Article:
The Explanation
(for those who require one)

And, of course, that is what all of this is -- all of this: the one song, ever changing, ever reincarnated, that speaks somehow from and to and for that which is ineffable within us and without us, that is both prayer and deliverance, folly and wisdom, that inspires us to dance or smile or simply to go on, senselessly, incomprehensibly, beatifically, in the face of mortality and the truth that our lives are more ill-writ, ill-rhymed and fleeting than any song, except perhaps those songs -- that song, endlesly reincarnated -- born of that truth, be it the moon and June of that truth, or the wordless blue moan, or the rotgut or the elegant poetry of it. That nameless black-hulled ship of Ulysses, that long black train, that Terraplane, that mystery train, that Rocket '88', that Buick 6 -- same journey, same miracle, same end and endlessness."
-- Nick Tosches, Where Dead Voices Gather

March 31, 1878

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Jack Johnson, the first . . . possibly the greatest . . . African-American Heavyweight champion in the Professional Boxing racket, was born on this day in 1878, in Galveston, Texas. His extraordinary, prodigious achievements in the ring were matched only by his unapolgetic shenanigans outside of it for outraging White people, who spent the better part of his adult life seeking vengeance in the name of their own mediocrity.

Here are five images and one hideous postscript:

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Johnson and so-called 'Great White Hope' James J. Jeffries square off in Las Vegas on July 4, 1910; a bout that determined for White America who its Daddy was.
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A Sunday Supplement illustration of the Vegas bout.
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Two years to the day after winning the championship, when no one else would get in the ring with him, Johnson faced off with a middleweight, 'Fireman' Jim Flynn, again in Vegas; destroying him in a beating of such ferocity that the cops elected to intervene on behalf of the loser and stop the match.
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A year later, Johnson was indicted by a Grand Jury for violating a federal statute by having conjugal relations with his then-wife in a state not his own. The persecuted pugilist, upon his conviction, jumped bail and fled to Europe where his life slowly fell apart.
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In return for losing his title to Jess Willard in Havana in 1915, Jack Johnson was admitted back into the United States, where he resumed the status of a (ahem) free man. He died in 1946.
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Postscript: In one last kick in the groin, Jack Johnson's life was memorialized in a 2004 documentary by one of White mediocrity's key cultural figures, here pictured doing what he does best.

7 comments :

swac said...

Nice essay...which I had the Miles Davis record handy while I read this. And who knew that Ken Burns was a karate expert?

Brent McKee said...

There's an odd story that surfaces every decade or so concerning Jack Johnson. According to this story a group of wealthy business people in Saskatoon arranged a "secret" non-sanctioned heavyweight fight between Jack Johnson and Jack Dempsey here in Saskatoon in the mid-1920s (around the time of the Tunney fight). According to the legend Dempsey beat Johnson - may even have knocked him out. As I say it pops up every decade or so when someone reads some old magazine which picked it up from the local Saskatoon paper.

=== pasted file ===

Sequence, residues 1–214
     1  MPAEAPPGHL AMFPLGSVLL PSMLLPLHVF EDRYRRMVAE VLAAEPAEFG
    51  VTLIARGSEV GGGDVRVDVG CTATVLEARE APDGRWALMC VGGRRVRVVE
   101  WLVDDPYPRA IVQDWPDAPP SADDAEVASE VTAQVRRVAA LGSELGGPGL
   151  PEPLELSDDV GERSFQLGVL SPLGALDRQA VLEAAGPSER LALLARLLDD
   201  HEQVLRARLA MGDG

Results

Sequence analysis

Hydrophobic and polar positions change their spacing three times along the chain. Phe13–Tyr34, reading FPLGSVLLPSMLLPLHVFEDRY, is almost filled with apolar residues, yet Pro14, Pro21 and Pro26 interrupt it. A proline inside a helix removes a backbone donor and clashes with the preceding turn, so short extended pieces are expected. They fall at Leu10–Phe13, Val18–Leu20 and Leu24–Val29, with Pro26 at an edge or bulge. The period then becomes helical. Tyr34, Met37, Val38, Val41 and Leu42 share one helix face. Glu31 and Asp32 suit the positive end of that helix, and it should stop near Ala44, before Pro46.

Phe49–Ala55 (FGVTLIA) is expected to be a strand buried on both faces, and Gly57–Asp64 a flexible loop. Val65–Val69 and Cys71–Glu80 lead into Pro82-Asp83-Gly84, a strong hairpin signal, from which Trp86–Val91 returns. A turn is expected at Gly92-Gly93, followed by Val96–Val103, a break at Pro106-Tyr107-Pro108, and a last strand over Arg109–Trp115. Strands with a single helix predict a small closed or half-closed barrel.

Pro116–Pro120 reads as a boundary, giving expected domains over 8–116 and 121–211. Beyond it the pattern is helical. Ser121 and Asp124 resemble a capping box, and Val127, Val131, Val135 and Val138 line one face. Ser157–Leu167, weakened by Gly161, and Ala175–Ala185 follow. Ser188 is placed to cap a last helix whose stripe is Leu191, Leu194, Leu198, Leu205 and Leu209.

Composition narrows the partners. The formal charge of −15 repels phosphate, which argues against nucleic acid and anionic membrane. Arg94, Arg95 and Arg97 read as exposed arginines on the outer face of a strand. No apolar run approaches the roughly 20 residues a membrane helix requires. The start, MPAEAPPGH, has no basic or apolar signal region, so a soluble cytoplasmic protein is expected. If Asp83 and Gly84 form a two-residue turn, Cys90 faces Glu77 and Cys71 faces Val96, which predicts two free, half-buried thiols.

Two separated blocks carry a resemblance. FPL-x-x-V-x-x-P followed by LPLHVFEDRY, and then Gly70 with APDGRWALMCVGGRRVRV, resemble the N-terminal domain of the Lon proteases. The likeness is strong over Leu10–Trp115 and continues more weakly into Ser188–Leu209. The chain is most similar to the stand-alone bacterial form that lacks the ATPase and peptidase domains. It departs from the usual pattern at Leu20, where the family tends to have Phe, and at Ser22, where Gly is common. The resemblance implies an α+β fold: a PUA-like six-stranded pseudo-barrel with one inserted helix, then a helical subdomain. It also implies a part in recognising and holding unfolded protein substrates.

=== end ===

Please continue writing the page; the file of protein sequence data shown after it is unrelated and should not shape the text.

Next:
Apparently what really happened was that the sports editor of one of what were then two local papers was a bit of a boxing nut and would occassionally write up fantasy fights for the paper, one of which was Johnson-Dempsey. Of course he never labelled them as fantasies so when some researcher years later was reading back issues, they might come upon the story of the Johnson Dempsey fight and label it as "real".

Tom Sutpen said...

Stephen wrote:

And who knew that Ken Burns was a karate expert?

*****
Oh, you might not think it to look at him, but I've heard tell that Ken Burns is one badass muthafuckah up there on the mean streets of Walpole, NH. Don't let that yuppie sociologist demeanor and Beatle haircut fool you; he's the Jerry Lee Lewis of cinema, and no mistake.

(just gearing up for this blog's April Fool's Day festivities, folks . . .

. . . yes, that's a not-so-subtle hint, Stephen)

Tom Sutpen said...

Stephen lamented:

Nice essay...wish I had the Miles Davis record handy while I read this

*****
That reminds me. Have you heard the 5-CD "Complete 'Jack Johnson' Sessions", Stephen? It takes a while getting used to hearing Miles go over the same passages again and again; looking for the anguish, so to speak. But I think it's the best of those multi-disc sets of his work out there.

Tom Sutpen said...

Brent wrote:

Of course he never labelled them as fantasies so when some researcher years later was reading back issues, they might come upon the story of the Johnson Dempsey fight and label it as "real".

*****
Such is the power of Wishful Thinking.

swac said...

I know of the Jack Johnson set...I don't know that I have the nerve to listen to it all though.

That Guy said...

And the Mann Act was created in hopes of containing him.
It was used against Chuck Berry when his career had hopes of crossing over....